SASEBO, Japan (July 14, 2011) - Commander, Task Force 76 (CTF 76) and Commander, Amphibious Squadron 11 (CPR 11) began the first phase of exercise Talisman Sabre 2011(TS11) this week by standing 24-hour command-and-control watches aboard the forward-deployed amphibious assault ship USS Essex (LHD 2).
TS11 is a joint-sponsored exercise by U.S. Pacific Command and Australian Defence Force (ADF). Forces from both nations will conduct various types of training at sea, ashore and in the air off the Australian coast. The complexity and scale of the exercise demand around-the-clock coordination and real-time responses for every scenario.
“The watches we stand are important since we are the supervisory authority for the ships that are participating in the exercise,” said Lt. Cmdr. Johanna G. Schumacher, the material and maintenance manager for CPR 11. “We’re trying to make the crews’ lives easier by establishing a schedule, completing the planning and coordinating across various task forces and commands. We set up these watches to keep our commanders informed as things change throughout the training, while providing the supervisory oversight to the ships that are conducting the exercise so they can concentrate on the mission.”
The beginning of the 24-hour watch, called force tactical action officer, is stood by members of CTF 76 and CPR-11 simultaneously at six-hour intervals to fill the role of the composite warfare commander (CWC) for the exercise.
“As the composite warfare commander we are in charge of all the warfare commanders in the exercise, which includes surface warfare commander, air warfare commander, information warfare commander, and the entire CWC structure,” said Lt. Benjamin McCarty, the scheduling officer for CTF 76. “CPR 11 stands the watch of warfare commander in charge of amphibious warfare. Constant communication is crucial, which is why we stand the watch together.”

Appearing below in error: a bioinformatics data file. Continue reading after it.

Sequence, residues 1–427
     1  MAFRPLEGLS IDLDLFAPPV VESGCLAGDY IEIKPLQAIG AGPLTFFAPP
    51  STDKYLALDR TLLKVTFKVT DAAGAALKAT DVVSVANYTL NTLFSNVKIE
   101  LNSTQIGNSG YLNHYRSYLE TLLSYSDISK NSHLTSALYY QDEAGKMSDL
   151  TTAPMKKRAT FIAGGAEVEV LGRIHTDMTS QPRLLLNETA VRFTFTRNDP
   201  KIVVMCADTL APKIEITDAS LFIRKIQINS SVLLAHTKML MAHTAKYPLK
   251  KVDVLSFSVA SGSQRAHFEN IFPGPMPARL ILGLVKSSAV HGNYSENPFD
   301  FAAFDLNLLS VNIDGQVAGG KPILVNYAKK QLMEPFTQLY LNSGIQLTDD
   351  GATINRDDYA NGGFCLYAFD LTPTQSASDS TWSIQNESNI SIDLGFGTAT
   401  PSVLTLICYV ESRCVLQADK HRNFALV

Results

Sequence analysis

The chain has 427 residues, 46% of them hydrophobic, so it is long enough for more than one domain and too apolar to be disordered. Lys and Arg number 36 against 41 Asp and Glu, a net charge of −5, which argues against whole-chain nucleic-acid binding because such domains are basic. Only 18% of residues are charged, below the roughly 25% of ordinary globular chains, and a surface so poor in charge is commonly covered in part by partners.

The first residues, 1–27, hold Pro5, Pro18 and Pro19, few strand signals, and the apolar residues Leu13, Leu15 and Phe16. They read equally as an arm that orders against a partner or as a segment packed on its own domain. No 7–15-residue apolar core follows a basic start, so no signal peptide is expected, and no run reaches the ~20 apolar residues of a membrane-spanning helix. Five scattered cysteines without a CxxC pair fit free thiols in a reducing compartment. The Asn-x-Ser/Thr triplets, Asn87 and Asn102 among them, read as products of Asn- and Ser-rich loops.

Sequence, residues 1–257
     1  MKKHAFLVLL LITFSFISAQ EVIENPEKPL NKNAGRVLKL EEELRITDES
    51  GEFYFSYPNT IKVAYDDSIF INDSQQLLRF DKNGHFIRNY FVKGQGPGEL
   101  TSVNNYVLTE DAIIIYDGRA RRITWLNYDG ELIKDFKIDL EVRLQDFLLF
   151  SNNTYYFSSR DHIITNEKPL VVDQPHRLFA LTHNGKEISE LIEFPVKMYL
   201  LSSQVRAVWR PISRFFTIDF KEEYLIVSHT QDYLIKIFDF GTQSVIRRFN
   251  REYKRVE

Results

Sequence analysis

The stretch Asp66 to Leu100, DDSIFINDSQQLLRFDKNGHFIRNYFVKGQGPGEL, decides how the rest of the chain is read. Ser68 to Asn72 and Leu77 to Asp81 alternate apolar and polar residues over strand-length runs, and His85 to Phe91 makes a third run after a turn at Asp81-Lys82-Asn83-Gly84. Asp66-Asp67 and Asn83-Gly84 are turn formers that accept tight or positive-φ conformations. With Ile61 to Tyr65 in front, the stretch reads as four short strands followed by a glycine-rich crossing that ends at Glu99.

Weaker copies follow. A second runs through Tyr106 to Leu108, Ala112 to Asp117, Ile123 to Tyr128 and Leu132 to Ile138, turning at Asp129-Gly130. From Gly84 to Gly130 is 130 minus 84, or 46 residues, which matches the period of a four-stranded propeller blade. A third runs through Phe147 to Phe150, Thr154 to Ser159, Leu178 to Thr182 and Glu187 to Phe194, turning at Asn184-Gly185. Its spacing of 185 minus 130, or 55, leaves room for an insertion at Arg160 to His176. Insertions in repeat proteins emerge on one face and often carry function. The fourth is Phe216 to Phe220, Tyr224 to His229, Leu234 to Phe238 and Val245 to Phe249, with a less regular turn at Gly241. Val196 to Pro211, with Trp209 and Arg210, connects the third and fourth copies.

TS11 also focuses on contingency response drills that will enhance U.S. and Australian capabilities when dealing with foreign and domestic threats, while practicing their ability to conduct joint humanitarian assistance and disaster relief operations. CTF 76 participation in similar exercises have aided in the preparation for TS11. “This experience, not only with CPR 11, but the entire force is very valuable because we actually get to exercise the naval doctrine that we study and train for,” said McCarty. "This is what the ships all prepare for--to train to be ready in any instance.”
The two commands will maintain the 24-hour watch schedule through the duration of TS11, which is scheduled to last until near the end of July.
“The coordination with CTF 76 allows us to keep up on our situation awareness for the on the spot changes expected to occur,” said Schumacher. "The CTF 76 staff might hear something directly from another task force that we may not hear through our sources, so it’s really good that we are in the same space and to be able to talk to each other to share information.” CPR 11 reports to CTF 76, which is the Navy's only forward-deployed amphibious force commander. CTF 76 is led by Rear Adm. Scott Jones and is headquartered at White Beach Naval Facility in Okinawa, Japan.